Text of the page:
In these early days of the Soviet collapse, American and Soviet policy had not yet begun to address this problem in a manner that was commensurate with their countries stakes in the issue. Between 1992 and 1994, U.S. initiatives designed to combat the threat of nuclear theft were carried out in the context of the Nunn-Lugar program within the Department of Defense. The effectiveness of this early effort suffered from an array of legal restrictions and bureaucratic obstacles, handicapping the programs efforts to improve the security of Russian fissile material quickly and comprehensively. Responsibility for implementing the various U.S. anti-theft programs was broadened in 1994-95. Although this bureaucratic adaptation began to show a few promising results in 1995, the overall U.S. government effort still moved too slowly.

And yet, the bottom line is clear: not a single former Soviet nuclear weapon has been found in another country or in an international arms bazaar. Were it not for the intense professionalism, patriotism, and devotion to duty of the vast majority of the nuclear scientists and workers in the former Soviet states, a genuine nuclear proliferation catastrophe would surely have occurred. This incredible result is testimony to the determined efforts of the Russian government, including, in particular, the nuclear guardians in its Ministry of Defense and Ministry of Atomic Energy, supported by U.S.

Oleg Bukharin and William Potter, Potatoes Were Guarded Better, Bulletin of the Atomic Scientists, (May 1995- June 1995.)

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technical and economic assistance stemming from the Nunn-Lugar legislation and subsequent acts of Congress.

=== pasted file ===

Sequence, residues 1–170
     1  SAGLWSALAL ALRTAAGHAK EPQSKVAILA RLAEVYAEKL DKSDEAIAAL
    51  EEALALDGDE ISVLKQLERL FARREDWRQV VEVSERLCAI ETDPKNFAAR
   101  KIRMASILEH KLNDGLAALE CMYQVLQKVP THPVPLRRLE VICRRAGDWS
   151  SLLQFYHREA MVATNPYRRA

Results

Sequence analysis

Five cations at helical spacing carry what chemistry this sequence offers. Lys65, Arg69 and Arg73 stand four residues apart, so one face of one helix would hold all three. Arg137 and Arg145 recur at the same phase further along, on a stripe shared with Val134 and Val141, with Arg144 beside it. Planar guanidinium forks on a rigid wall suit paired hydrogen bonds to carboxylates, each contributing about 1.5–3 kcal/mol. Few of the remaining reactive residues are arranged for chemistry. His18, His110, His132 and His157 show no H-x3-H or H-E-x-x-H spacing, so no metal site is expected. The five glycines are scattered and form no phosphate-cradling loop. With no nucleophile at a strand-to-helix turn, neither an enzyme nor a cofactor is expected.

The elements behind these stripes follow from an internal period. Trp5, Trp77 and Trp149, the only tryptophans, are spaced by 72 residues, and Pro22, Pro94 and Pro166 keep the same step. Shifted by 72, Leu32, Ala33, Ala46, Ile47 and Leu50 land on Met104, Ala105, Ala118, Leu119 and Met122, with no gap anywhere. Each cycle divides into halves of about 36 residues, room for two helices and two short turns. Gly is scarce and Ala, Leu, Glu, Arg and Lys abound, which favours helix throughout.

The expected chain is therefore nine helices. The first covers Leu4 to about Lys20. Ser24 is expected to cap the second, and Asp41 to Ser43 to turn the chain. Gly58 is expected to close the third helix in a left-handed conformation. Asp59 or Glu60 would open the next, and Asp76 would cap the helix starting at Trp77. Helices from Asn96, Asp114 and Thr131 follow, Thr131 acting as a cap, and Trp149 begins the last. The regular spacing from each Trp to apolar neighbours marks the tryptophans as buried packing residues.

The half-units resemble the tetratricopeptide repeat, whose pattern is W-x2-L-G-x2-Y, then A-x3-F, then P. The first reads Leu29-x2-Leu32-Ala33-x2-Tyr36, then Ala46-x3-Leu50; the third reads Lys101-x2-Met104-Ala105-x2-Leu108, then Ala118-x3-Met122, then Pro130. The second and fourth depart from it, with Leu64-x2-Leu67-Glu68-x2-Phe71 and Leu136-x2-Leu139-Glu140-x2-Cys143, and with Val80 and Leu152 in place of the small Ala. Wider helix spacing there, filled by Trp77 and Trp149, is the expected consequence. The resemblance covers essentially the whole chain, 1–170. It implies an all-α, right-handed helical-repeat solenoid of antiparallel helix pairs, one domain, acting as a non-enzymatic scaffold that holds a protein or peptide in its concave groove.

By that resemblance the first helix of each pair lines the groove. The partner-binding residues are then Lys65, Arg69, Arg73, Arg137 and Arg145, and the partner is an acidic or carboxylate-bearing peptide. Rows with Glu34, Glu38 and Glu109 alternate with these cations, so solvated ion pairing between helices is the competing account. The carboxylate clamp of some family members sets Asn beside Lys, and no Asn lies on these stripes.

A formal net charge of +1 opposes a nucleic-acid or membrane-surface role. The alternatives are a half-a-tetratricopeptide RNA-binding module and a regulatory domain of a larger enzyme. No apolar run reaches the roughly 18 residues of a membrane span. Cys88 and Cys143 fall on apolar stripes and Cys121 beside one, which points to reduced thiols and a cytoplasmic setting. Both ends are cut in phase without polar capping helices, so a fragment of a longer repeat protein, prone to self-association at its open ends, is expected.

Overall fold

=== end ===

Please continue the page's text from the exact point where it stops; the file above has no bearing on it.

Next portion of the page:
Cooperative Threat Reduction In December 1991, as the Soviet Unionthe Evil Empire, as Ronald Reagan rightly named it wobbled on the brink of collapse, U.S. Secretary of Defense Dick Cheney appeared on Meet the Press. The moderator asked what would happen to its nuclear weapons if the Soviet Union broke up. As quoted at the outset, he answered: If the Soviets do an excellent job at retaining control over their stockpile of nuclear weaponslets assume theyve got 25,000and they are 99 percent successful, that would mean you could still have as many as 250 that they were not able to control.

Asked a follow-up question about what the U.S. could do to address this threat, Cheney was unable to think of anything other than to be prepared for the worse. As he said: Given the disintegration of their society, given the sad state of their economy, the only realistic thing for me to do as Secretary of Defense is to anticipate that one of the byproducts of the breakup of the Soviet Union will be the proliferation of nuclear weapons.8

Fortunately, others in Washington would answer the question about what the U.S. would do. A leading Democratic Senator from Georgia, Sam Nunn, and a Republican Senator from Indiana, Dick Lugar, not only recognized the challenge but also created a breathtaking response. Too late in the Congressional calendar to hold hearings on the issue, they designed an imaginative and unprecedented legislative maneuver by which they attached an amendment to the Defense Appropriations Bill. It took money

Cited in Graham Allison. Washington Can Work: Celebrating Twenty Years With Zero Nuclear Terrorism. The Huffington Post, December 29, 2011.

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appropriated for the U.S. defense budget and allowed the Secretary of Defense to spend $400 million, helping Russia to secure and eliminate former Soviet nuclear weapons. In what has been the most significant U.S. policy initiative towards Russia in the post-Cold War period to date, it was not the chief executive, but rather, leaders in the Congress, who both put the problem on the agenda and legislated the program of action to address it.